Teen Book Reviews (page 563)

DIRTY LAUNDRY by Lisa Rowe Fraustino
Released: June 1, 1998

"The stories are engrossing; the writers stray from the obvious, making for many pleasant reading surprises. (Fiction. 13-15)"
Fraustino (Ash, 1995, etc.) presents 11 fresh, diverse pieces in a fierce collection of salacious family stories. Read full book review >
LAUGHING OUT LOUD, I FLY by Juan Felipe Herrera
Released: May 31, 1998

"This is poetry to read aloud, to read quickly, to understand more with the heart than with the head. (Poetry. 12-14)"
Citing Picasso's Hunk of Skin as his inspiration, Herrera (Calling the Doves/El Canto de las Palomas, 1995) offers 22 poems in facing English and Spanish versions, printed over Barbour's pale, floating figures of images from Mexican folk art. Read full book review >

ACTING NORMAL by Julia Hoban
Released: May 31, 1998

"A familiar, unembellished first-person narration makes this a comfortable read for its audience, and Stephanie is worthy of compassion in her efforts to heal an old injury. (Fiction. 12-15)"
Hoban (Buzby, 1990, etc.) creates her first novel from the contemporary headline issue of repressed memory. Read full book review >
BRAM STOKER by Nancy Whitelaw
Released: May 8, 1998

"While the novel was serialized in newspapers of the day, Stoker never achieved financial success—a fact that may shock readers more than anything Stoker wrote. (b&w photos, chronology, appendix, bibliography, sources, index) (Biography. 12-14)"
Young fans of horror should enjoy this fascinating glimpse into the life of the man who wrote Dracula. Read full book review >
SMACK by Melvin Burgess
Released: May 1, 1998

"Based on actual people and incidents, this harrowing tale is as compellingly real as it is tragic. (glossary) (Fiction. 13-16)"
In a Carnegie Medal—winning novel (under the UK title, Junk) that cuts to the bone, Burgess puts a group of teenage runaways through four nightmarish years of heroin addiction. Read full book review >

THE FALCON by Jackie French Koller
Released: May 1, 1998

"A memorable case study in teenage guilt. (Fiction. 12-14)"
Koller follows up A Place To Call Home (1995) with this raw, funny-if-it- weren't-so-painful journal of a disabled teenager given to self-destructive behavior. Read full book review >
STRAYS LIKE US by Richard Peck
Released: May 1, 1998

"The novel becomes something of a treatise about a generation of children who have been cast aside by their parents; with its compelling premises and Molly's fragile but tautly convincing voice, it will be seized upon by Peck's fans, but may leave them longing for more. (Fiction. 12-14)"
With a hospitalized heroin addict for a mother and facing the prospect of another new school, Molly Moberly, 12, is a stray who delivers in an abrupt and somewhat detached narrative the details of a year in her life. Read full book review >
SWITCHERS by Kate Thompson
Released: May 1, 1998

"The suspense never wavers, while integral to the story are the author's deft observations on independence and human relationships, on death and loss, and more, in an atmospheric and authentic fantasy world. (Fiction. 12-15)"
Thompson has written a fantasy with the pacing of a suspense novel—an adventure written in poetic prose. Read full book review >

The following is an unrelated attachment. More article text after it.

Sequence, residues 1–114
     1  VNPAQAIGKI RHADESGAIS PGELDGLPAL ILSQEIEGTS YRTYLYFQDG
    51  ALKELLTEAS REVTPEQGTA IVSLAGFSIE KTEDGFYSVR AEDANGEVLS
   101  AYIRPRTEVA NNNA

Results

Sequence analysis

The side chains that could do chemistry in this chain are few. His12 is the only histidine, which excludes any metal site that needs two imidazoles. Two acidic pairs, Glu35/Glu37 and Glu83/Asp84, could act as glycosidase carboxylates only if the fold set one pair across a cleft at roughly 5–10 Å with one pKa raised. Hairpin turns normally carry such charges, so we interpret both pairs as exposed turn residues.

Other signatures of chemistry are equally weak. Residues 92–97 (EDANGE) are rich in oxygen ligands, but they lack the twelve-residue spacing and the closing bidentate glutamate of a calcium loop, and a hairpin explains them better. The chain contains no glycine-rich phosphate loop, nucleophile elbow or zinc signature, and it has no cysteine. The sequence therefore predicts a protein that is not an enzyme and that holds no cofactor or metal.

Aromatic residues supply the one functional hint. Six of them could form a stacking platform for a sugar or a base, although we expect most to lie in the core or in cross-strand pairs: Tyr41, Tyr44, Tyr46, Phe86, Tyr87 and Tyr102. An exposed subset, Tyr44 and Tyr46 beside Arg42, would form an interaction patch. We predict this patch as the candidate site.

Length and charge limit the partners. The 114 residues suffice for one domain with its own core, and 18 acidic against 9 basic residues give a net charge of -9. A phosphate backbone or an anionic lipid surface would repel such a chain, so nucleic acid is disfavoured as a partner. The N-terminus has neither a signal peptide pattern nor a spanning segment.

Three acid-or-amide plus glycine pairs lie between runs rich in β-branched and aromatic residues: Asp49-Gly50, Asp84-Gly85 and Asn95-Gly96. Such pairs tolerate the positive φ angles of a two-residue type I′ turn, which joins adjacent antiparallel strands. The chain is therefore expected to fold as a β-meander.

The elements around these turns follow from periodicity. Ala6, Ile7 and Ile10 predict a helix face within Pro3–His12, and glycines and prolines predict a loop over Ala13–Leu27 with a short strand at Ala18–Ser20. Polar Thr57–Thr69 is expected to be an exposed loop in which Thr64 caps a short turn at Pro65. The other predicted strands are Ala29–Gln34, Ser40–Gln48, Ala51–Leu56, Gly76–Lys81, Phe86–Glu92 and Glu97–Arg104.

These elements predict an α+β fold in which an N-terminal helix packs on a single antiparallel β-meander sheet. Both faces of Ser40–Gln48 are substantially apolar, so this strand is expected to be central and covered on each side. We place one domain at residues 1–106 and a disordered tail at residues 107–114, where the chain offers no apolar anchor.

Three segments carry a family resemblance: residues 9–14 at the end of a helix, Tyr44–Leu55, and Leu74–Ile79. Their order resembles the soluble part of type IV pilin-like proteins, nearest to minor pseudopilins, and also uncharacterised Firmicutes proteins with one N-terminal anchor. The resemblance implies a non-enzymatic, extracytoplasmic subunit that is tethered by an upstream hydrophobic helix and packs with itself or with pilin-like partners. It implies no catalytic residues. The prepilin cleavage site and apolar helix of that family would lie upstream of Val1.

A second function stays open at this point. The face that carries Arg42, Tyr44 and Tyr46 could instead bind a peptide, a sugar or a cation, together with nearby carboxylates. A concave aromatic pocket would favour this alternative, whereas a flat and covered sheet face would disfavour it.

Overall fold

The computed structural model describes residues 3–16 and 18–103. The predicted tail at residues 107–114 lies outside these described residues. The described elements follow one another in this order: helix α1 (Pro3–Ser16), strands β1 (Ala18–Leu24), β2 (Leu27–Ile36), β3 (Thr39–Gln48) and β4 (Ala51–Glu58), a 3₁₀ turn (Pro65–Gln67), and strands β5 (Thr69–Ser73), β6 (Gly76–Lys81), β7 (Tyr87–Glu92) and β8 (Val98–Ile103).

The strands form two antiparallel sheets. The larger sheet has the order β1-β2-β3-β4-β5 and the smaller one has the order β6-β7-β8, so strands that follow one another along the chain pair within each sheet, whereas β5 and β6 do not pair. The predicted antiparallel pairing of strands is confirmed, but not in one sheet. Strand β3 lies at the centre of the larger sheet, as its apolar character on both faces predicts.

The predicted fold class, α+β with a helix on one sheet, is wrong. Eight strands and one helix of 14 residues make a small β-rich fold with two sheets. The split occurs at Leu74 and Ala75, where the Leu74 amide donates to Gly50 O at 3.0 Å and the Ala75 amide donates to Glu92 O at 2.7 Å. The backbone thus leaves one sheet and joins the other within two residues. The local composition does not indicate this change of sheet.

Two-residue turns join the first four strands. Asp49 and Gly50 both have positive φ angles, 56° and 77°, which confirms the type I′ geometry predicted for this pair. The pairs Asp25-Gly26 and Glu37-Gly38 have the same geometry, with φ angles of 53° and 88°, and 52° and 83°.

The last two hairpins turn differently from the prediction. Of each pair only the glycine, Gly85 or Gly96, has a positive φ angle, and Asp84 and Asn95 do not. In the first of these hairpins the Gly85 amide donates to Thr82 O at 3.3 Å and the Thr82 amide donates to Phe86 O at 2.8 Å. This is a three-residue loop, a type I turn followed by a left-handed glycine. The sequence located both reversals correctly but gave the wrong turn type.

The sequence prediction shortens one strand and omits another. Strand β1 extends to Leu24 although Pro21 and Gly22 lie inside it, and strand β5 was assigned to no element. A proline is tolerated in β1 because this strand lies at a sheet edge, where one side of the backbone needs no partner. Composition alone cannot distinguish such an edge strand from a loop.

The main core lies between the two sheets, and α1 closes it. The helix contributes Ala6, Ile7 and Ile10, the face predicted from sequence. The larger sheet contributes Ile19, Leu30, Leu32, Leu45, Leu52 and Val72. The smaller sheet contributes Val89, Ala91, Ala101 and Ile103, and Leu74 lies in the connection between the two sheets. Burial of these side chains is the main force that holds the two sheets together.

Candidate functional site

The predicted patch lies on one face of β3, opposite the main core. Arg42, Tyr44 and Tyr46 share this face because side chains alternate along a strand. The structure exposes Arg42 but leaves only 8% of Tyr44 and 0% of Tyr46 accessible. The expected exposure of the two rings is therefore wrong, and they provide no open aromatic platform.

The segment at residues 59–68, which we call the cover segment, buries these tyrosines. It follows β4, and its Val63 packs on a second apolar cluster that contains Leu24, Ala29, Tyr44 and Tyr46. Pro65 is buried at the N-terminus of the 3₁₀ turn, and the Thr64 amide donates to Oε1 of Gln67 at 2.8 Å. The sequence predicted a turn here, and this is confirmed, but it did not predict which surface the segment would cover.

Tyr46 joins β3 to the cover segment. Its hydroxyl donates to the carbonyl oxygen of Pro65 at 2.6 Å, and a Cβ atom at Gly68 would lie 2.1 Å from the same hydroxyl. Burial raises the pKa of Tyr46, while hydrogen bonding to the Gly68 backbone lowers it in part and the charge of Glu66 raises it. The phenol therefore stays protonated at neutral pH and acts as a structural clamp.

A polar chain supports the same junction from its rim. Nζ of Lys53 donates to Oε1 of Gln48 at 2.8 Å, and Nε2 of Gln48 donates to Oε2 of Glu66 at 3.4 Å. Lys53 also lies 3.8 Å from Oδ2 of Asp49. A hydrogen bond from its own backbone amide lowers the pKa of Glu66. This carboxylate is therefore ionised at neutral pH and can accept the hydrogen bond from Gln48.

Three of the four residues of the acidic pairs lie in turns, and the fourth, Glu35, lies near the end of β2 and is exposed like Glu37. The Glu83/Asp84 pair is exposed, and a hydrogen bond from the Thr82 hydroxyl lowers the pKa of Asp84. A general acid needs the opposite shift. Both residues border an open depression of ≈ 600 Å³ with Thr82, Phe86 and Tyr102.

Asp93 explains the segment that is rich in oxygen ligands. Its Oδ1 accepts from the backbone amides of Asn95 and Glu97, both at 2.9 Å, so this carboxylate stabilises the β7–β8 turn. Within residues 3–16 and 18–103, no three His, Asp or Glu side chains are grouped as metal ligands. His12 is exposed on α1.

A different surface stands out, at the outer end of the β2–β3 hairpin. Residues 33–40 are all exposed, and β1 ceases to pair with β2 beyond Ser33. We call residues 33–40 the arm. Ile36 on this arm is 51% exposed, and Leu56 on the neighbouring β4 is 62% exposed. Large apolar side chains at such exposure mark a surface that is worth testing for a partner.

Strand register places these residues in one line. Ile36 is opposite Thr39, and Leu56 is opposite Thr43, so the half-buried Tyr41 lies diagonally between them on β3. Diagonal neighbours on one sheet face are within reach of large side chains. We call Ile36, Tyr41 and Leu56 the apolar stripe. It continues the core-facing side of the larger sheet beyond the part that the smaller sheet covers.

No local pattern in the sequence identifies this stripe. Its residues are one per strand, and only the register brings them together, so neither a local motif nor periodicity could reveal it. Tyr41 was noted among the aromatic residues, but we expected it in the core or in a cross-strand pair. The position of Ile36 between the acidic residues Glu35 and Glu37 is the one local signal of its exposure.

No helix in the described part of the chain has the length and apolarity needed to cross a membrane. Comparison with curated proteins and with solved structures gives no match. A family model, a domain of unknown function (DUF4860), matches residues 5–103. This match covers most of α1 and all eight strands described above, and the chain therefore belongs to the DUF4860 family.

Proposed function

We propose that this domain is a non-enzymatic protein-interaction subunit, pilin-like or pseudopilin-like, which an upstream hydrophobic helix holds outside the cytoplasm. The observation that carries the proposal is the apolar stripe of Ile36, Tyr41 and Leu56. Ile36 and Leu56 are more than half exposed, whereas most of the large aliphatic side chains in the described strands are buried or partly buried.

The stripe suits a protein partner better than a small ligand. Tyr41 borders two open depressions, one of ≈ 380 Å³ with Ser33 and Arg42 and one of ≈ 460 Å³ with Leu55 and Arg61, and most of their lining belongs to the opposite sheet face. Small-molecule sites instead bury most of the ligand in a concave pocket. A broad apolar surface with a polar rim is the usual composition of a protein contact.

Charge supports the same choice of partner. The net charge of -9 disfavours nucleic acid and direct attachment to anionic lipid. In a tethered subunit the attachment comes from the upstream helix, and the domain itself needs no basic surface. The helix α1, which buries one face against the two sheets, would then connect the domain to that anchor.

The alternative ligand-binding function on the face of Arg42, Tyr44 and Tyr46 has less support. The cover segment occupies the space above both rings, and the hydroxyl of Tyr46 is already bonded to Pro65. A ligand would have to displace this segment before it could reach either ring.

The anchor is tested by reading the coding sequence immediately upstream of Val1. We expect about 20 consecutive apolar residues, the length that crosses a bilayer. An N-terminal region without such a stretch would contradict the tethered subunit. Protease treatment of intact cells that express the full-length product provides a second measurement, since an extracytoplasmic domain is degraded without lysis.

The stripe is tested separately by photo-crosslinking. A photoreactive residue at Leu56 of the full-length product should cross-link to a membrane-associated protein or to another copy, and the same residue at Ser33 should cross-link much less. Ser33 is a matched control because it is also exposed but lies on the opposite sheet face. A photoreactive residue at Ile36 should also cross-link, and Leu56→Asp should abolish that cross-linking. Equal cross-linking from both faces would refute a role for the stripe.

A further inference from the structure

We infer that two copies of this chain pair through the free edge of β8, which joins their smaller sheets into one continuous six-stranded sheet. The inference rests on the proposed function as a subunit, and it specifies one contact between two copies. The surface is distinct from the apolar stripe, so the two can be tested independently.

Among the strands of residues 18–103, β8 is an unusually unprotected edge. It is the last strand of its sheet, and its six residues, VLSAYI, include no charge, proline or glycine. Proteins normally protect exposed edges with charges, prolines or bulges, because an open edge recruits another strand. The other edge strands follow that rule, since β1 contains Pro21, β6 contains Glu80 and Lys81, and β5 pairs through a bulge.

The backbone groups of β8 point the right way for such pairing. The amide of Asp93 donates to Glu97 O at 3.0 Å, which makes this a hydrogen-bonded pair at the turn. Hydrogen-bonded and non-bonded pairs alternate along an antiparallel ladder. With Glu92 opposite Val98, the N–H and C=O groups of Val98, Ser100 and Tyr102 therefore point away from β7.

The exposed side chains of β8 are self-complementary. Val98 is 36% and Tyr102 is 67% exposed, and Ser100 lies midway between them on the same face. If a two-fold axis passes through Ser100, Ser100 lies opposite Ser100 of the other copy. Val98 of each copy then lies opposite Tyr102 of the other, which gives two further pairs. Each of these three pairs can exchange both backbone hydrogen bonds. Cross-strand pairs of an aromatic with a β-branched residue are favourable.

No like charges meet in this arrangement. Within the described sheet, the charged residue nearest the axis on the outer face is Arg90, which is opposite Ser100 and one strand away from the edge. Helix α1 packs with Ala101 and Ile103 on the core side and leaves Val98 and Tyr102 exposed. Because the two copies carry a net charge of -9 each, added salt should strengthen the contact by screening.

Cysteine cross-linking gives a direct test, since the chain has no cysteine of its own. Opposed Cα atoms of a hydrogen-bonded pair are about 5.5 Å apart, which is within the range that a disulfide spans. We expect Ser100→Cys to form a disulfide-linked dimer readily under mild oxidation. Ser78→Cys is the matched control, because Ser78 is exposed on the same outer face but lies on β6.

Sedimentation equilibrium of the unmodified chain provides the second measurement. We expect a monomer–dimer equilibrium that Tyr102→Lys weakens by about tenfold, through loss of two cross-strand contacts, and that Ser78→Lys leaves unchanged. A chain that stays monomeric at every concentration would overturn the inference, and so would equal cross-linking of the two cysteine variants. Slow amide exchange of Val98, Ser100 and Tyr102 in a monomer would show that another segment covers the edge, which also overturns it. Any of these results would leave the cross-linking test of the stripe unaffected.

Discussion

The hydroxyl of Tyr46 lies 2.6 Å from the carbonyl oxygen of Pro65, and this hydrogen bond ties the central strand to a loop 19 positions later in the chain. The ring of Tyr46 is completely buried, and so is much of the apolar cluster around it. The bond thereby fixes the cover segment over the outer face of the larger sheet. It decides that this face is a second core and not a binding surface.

Released: May 1, 1998

"All the while, Napoli never lets the message about the city's fragile existence overwhelm the story or the delicacy of the romance. (Fiction. 12-15)"
Percy, 17, is spending the summer in Venice with his engineer father, his artist mother, and his endearing brother, Christopher, 6. Read full book review >
Released: May 1, 1998

"He deftly brings to light relationships and their complications among family, peers, and elders in a well-crafted collection that's lively, absorbing, and meaningful. (Fiction. 12-15)"
In ten short stories, Soto (Buried Onions, 1997, etc.) presents a kaleidoscope of Mexican-American adolescents and the bullies they confront—bullies ranging from tough, menacing teens to life's unavoidable truths. Read full book review >
Released: May 1, 1998

"Equally suited to casual readers or serious study, this takes a giant step past the Eyewitness-filled cheap seats and even beyond David Macaulay territory. (maps, diagrams, glossary, bibliography, index) (Nonfiction. 12-16)"
Strewn with minutely detailed cityscapes, cutaway views, and interiors, this hefty urban study recaptures the architectural glories of two great cities in their heydays, with as much specific information as assignment-driven readers or browsers could want. Read full book review >
KISSING DOORKNOBS by Terry Spencer Hesser
Released: May 1, 1998

"Only a serendipitous meeting with fellow sufferer Sam promises a rescue for Tara in an otherwise onerous story. (Fiction. 13-15)"
With a trenchant portrait of Tara Sullivan from ages 11—14, Hesser's first novel puts obsessive-compulsive disorder under the microscope. Read full book review >
Kirkus Interview
Nelson DeMille
May 26, 2015

After a showdown with the notorious Yemeni terrorist known as The Panther, in Nelson DeMille’s latest suspense novel Radiant Angel, NYPD detective John Corey has left the Anti-Terrorist Task Force and returned home to New York City, taking a job with the Diplomatic Surveillance Group. Although Corey's new assignment with the DSG-surveilling Russian diplomats working at the U.N. Mission-is thought to be "a quiet end," he is more than happy to be out from under the thumb of the FBI and free from the bureaucracy of office life. But Corey realizes something the U.S. government doesn't: The all-too-real threat of a newly resurgent Russia. “Perfect summer beach reading, with or without margaritas, full of Glock-and-boat action,” our reviewer writes. View video >